Even as militaries around the world analyse ongoing operations in the Ukraine conflict, to learn lessons and unlearn some tactics, a former Chief of Naval Staff has been unsparing with an ‘avoidable lesson’ tweet. His attack on the proposed ‘Tour of Duty’ recruitment model hit high and hit hard. At his acerbic best, Admiral Arun Prakash equated the sinking of Russia’s Slava class guided-missile cruiser Moskva, to sloppy decision making and inadequate knowledge of the crew. He tweeted, “positioning a 12500-ton cruiser so close inshore was a bad idea. Losing it to 2X160 kg warheads speaks of a “Tour of duty” crew.”
Exactly. As in air combat, it is the astute deployment of weapon platforms & their competent tactical manoeuvring that decides outcomes at sea. Positioning a 12500 ton cruiser so close inshore was a bad idea. Losing it to 2×160 kg warheads speaks of a “Tour of duty” crew. https://t.co/neXABaNSGh
— Arun Prakash (@arunp2810) May 8, 2022
This has once again brought the spotlight on the controversial proposal of the Narendra Modi government, strangely called ‘Tour of Duty’, which has been doing the rounds for the last two years. It is ostensibly aimed at cutting the pension bill of the armed forces through surreptitious means of ‘exposing the youth to the armed forces’. Eager unemployed young males are meant to be selected for three years of service, and then encouraged into civilian life through corporate employment or re-induction into the Central Armed Police Forces (CAPF). The terms of service could even stretch to five years, but no more. And hence no pension.
The fact that the government thinks it fit to curb budgetary pension allocations only by cutting military numbers is a point that is not lost on the armed forces community. The vast blubber of disposable departments continue to retain their status while the military has to pay the price, literally, for shoddy financial management. This has come to the point where recruitment hasn’t happened for the last two years, as neither the Army, Navy, nor Air Force held any rallies, and which has already led to a shortfall of about 1.3 lakh soldiers. Coupled with its extraordinary deployment in Ladakh on account of Chinese incursions, the Army is stretched beyond all elastic limits.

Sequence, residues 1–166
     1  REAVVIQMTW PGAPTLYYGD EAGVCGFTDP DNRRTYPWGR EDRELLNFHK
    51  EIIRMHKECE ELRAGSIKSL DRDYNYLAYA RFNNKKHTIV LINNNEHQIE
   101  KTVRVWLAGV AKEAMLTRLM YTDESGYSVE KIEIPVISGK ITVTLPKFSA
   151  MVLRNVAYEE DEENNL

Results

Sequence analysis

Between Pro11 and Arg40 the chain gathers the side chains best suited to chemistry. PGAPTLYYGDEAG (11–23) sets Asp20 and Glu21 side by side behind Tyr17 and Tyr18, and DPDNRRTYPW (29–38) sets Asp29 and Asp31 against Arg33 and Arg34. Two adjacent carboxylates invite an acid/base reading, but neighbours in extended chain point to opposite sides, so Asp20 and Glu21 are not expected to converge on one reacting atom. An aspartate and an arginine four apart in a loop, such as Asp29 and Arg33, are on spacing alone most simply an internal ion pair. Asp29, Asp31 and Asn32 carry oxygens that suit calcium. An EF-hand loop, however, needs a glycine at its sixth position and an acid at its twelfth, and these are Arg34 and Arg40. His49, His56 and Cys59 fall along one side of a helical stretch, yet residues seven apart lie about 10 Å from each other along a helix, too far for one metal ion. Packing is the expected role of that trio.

The consequences of the new plan
The ‘Tour of Duty’ proposal, while morally questionable, has two major consequences in store for the country, and the Army. Because of the large numbers that are likely to be involved in this process of recruitment, training, deployment and then subsequent discharge, it is worth looking at the actual picture that will appear on ground. Of his three years of service, a young man will spend the first in training—where he will be treated with disdain by his instructors, abused by his seniors and barely tolerated by his peers. He will be expected to get up before dawn, learn to polish his boots, maintain his uniform and posture, salute smartly, and all the while perform simple guard duties.
The purely military skill that he’ll learn is to dismantle, oil and reassemble his rifle, and fire it where told to aim. In the remaining two years of his service, he may well have to fire in anger, and be on the receiving end too. Or he may just spend the time on guard duties, stealing moments to surf the net on his smartphone.
With these skill sets he will enter the job market, a tiger as he’s made out to believe from his training, but without fangs now. And he faces competition from thousands who are hungry like him.
Simple arithmetic suggests that, ‘Going by the current numbers, up to 50,000 young men in their early twenties, trained in inflicting organised violence and, with combat experience, could be demobilised every year’.
This is an extraordinary number of young men to be made jobless year in and year out. It is certain that neither corporate India, nor the CAPFs, will be able to absorb this volume of military surplus manpower. As a competing department from across the road, it is a bit arrogant to assume that CAPF will be waiting with open arms for young men demobbed every year.
No one wants them, not even corporates
Since a three-year service precludes them from any administrative experience, these young men are unlikely to be attractive to the corporate sector. There is only a limited number of vacancies in the corporates for those who can, and will, fire a weapon. So that pushes these trained weapons handlers into the public sphere where testosterone runs riot every day, fuelled by the inanities of Indian television. Azamgarh, Ghazipur and their Bollywood inspired exports run the risk of being out shot by the better trained. A recipe that is combustible and a disaster of unimaginable proportions. However, that is not the only catastrophe in the making.
The Army had put into place a model for recruitment that selected from every state as a percentage of its male population, a formula called Recruitable Male Population (RMP). RMP of every state depended on census figures and ensured that the Army represented the country as a whole, and not a select cabal. This impeded any coup chances, an unsaid but honestly accepted fact. Now, however, there is a proposal as part of ‘Tour of Duty’ to do away with RMP and recruit from across the country without any formula or percentages. So not only will some states lose out, but the make-up of the Army will also undergo an enforced change. The ‘similar’ will be preferred for selection, and they will also be out soon enough—a change the country or the Army can ill-afford.
Manvendra Singh is a Congress leader, Editor-in-Chief of Defence & Security Alert and Chairman, Soldier Welfare Advisory Committee, Rajasthan. He tweets @ManvendraJasol. Views are personal.
(Edited by Zoya Bhatti)